How polluters are writing the rules at the EPA
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A few weeks ago Environmental Protection Agency chief Scott Pruitt boasted that he had issued a directive to stop “sue and settle” agreements at the agency. The “sue and settle” mantra has been a dog whistle for the far right, used by Republicans to symbolize how environmental groups are supposedly unfairly dictating environmental policy for the federal government. 

The truth is that when lawsuits settle, they merely require agencies to meet existing legal requirements to protect things like the air we breathe, the water we drink and the wildlife we value. And that means industries can’t pollute as they see fit — which often leaves polluters, and polluter cheerleaders like Pruitt, crying foul.

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The main complaint from Republicans in Congress and other right-wing quarters is that “sue and settle” deals allowed environmental groups to secretly dictate policy during the Obama era. But the truth is that the vast majority of settlements occurred only after many years of hard-fought litigation, and — as the GAO explained in two reports — those settlements almost never forced substantive changes in policy.

 

Contrast that with what’s happening at Pruitt’s EPA.

From undoing limits on toxic effluent discharges from power plants to dismantling the Clean Power Plan and the Clean Water Rule, special interests have achieved huge, substantive reversals in policy since President Trump and Pruitt came to power. A few weeks after secretly meeting with Dow Chemical, Pruitt reversed the EPA’s own scientific recommendation and allowed the pesticide chlorpyrifos to stay on the market. And after receiving a letter from Dow in April asking the EPA to stop its assessment of the impacts of pesticides on endangered species, Pruitt obliged.

 In the sense that Pruitt is allowing special interests to dictate policy and make changes to policy on the substance, he has “settled” far more than any other administrator of the EPA at a similar point in an administration. The big difference, of course, is that he doesn’t even wait for industry to win in court, or even necessarily file a lawsuit. He just does what industry tells him to do, before the ink’s even dry on their requests.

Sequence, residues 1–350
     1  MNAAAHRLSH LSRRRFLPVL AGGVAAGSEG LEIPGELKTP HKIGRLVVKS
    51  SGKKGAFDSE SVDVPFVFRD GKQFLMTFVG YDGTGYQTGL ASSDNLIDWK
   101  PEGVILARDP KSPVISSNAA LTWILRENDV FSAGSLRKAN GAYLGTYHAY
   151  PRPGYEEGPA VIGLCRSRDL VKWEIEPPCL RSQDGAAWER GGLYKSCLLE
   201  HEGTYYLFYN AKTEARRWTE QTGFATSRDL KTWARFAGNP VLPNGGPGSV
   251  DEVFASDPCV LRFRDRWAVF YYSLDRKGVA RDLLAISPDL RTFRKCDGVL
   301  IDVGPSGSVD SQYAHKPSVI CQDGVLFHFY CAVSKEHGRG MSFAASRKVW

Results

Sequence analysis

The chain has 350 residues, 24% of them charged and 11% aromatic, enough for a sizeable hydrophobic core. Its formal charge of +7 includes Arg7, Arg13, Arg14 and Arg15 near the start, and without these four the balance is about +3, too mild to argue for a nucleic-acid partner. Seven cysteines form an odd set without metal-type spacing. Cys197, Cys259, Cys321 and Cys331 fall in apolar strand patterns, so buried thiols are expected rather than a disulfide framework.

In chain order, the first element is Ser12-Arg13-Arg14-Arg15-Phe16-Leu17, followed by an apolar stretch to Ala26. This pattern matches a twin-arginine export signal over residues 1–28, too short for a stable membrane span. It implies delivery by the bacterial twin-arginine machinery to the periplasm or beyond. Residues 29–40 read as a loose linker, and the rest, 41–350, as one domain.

Instead of “sue and settle,” let’s call Pruitt’s approach “pander and surrender.”

As just one example, in April the Utility Water Act Group submitted a petition to Pruitt under the Administrative Procedure Act to repeal effluent guidelines that would have reduced the amount of toxic heavy metals entering our waterways by 1.4 billion pounds each year. Within weeks Pruitt accepted the petition and moved to repeal these critical, lifesaving safeguards.

By contrast, I’ve filed several petitions under the APA on behalf of the Center for Biological Diversity over the years, and we’d routinely have to wait three to five years just to have the opportunity to challenge, in court, the agency’s unreasonable delay in response to the petition. Responding to an APA petition within weeks is probably a record during the 70-plus-year-history of the Act. 

Likewise, having an agency change course 180 degrees following the receipt of a letter — or after holding a single meeting — is about as likely as finding a unicorn on the National Mall.

I can’t think of a single instance in 40 years where an environmental organization wrote a letter and was able to radically change environmental policy. And yet Pruitt’s EPA was practically tripping over itself to surrender to Dow’s demands this spring to halt the analysis of pesticide effects on endangered wildlife. Perhaps the $1 million donation that Dow Chemical gave to Trump’s inauguration helped improve its chances of having its requests accepted with so little effort.

Pruitt pretends that he wants to ditch so-called “sue and settle.” Court settlements are a typical outgrowth over legal challenges that are available to citizens, nonprofits and yes, even industry, when they don’t like what the government is doing (or not doing). These cases play out in court, within the public eye and usually through a transparent process. 

The legal process can be lengthy, complicated and imperfect, but it usually works. I’ll take it any day over the system Pruitt has enacted — one that does its best to do what the polluters want and leaves the rest of us to choke on the results. 

Brett Hartl is government affairs director at the Center for Biological Diversity. The author has no financial or lobbying relations with the subjects raised in this piece. 


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